Tuesday, December 17, 2013

Compromises on North Broad

Jon Geeting recently picked up on an implicit idea in my Width, and the Perception of Width article: giving Broad Street the same design standard as e.g. Paris' Ave. Kléber. He has also run further with this idea than I ever conceived, including the idea of putting a BRT lane down Broad. While these are all good ideas in their own right, however, at a certain point Broad Street--especially North Broad--will demand, at a certain level, compromise.

The reason for this is a legacy of highway projects that never got built, particularly in the northern suburbs. While this is, as Alon Levy pointed out, good for mass transit (and a major reason why reactivations of the Newtown Branch and Bethlehem Branch (at least as far as Quakertown) are good ideas), it does impose a certain stark reality on Broad Street.
The 309 (blue) and 611 (red) corridors both feed into North Broad.
Both of the major highways serving the northern suburbs--PA-611 and PA-309--drain onto North Broad. Because of this, much of the traffic into Center City from central Bucks and Montgomery Counties comes down North Broad: while the Northeast Corridor May function as an escape valve, it only serves a small portion of the northwest corner of this area; commuters from Ambler, Doylestown, Flowertown, Glenside, Hatboro, Jenkintown, Warminster, or Willow Grove have little choice other than SEPTA or North Broad. And of course, commuters from (especially) Churchville and Richboro have none. This makes North Broad's demand far higher than South Broad's, one of the reasons why the current traffic pattern involves converting a parking lane into a through lane at peak.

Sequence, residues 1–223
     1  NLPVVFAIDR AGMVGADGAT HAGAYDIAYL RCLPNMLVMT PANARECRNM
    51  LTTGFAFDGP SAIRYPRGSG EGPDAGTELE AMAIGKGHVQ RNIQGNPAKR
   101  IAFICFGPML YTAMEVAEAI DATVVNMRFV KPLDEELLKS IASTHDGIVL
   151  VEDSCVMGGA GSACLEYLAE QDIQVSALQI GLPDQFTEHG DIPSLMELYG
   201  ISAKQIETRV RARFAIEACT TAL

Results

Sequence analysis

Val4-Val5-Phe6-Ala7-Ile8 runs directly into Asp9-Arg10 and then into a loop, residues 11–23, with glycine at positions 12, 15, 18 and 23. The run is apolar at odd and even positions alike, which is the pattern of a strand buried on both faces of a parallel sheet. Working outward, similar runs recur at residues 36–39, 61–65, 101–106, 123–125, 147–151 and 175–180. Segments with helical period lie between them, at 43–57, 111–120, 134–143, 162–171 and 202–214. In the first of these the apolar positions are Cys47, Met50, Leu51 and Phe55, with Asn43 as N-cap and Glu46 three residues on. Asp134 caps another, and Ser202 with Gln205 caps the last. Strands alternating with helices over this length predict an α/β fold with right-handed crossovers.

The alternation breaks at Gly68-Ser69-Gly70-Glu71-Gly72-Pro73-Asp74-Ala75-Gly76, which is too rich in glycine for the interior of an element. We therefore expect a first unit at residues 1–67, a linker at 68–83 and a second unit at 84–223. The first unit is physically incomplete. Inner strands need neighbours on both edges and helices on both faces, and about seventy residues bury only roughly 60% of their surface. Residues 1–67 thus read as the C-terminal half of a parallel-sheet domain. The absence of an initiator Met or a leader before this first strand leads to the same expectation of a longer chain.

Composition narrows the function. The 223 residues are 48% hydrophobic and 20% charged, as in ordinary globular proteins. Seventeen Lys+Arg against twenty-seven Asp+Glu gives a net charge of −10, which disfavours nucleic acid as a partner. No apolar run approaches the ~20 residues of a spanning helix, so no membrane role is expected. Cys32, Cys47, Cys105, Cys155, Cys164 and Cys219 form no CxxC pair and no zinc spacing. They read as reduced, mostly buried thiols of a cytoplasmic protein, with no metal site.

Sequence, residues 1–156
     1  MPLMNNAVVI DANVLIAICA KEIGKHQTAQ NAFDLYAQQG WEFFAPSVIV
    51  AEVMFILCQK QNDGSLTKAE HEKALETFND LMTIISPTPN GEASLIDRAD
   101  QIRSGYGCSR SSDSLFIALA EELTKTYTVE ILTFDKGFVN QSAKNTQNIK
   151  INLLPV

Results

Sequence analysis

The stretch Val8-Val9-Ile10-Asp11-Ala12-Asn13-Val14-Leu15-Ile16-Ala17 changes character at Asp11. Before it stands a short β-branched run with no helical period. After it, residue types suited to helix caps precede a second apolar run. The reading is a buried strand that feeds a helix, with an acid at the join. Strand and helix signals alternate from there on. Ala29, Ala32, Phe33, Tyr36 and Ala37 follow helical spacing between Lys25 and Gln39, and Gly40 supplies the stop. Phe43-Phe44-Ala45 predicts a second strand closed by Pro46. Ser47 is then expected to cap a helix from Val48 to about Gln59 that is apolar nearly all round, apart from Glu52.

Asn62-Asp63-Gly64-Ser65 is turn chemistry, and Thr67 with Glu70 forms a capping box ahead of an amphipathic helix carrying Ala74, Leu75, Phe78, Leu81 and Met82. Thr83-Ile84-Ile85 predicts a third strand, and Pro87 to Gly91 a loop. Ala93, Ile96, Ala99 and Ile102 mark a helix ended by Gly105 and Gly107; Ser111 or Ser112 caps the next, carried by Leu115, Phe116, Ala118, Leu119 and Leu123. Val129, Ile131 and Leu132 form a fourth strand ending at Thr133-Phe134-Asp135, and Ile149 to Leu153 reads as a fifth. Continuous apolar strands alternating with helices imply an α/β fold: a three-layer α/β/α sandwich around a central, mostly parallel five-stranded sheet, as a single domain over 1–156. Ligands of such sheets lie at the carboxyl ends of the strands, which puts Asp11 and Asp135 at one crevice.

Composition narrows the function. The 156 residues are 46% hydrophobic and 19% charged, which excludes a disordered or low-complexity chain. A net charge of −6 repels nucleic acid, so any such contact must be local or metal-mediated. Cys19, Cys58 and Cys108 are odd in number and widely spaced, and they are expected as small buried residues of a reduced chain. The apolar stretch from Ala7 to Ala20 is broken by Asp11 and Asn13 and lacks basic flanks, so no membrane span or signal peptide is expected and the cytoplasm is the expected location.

This raises the difficulty that, while an MWB would be easy to implement on South Broad, it is somewhat more difficult on North Broad. While it certainly offers significant traffic calming and safety improvements, it doesn't really address flow interruption congestion (congestion caused by traffic lights), which the peak fifth lane functions as a band-aid for; implementing it as a reversible lane would  (a) make it quite difficult to fit everything else onto the street, in addition to being (b) quite ugly. And of course, the real solution to the flow problem--eliminating traffic lights--would be catastrophic for all other users. All of this implies that North Broad requires, at minimum, four through lanes with good light timing minimizing stops, which, of course, dashes any hope of BRT on the corridor. (Not that the 4 or 16, with the subway underneath, really need it.) That said, BRT would be useful on several other corridors, such as Erie, Allegheny, Lehigh, and Washington Aves. BRT could be run down the less busy South Broad corridor, but it is, if anything, even less useful there (cf. Reading Between the Lines).

So the key is attaining a tradeoff--a balance of priorities. To do this we need some sort of hierarchical modal evaluation criteria. This could be easily abused and turned into a checklist by the same kinds of numbnuts who eviscerated any pretense of urbanism in Syracuse, but having such a checklist exist, and be public knowledge, would be an invaluable tool in project evaluation and project criticism. But what would this entail? To see my answer, partitioned from this post due to increasing lengthiness (not that that's stopped me before) and as subject matter deserving its own post--stay tuned.

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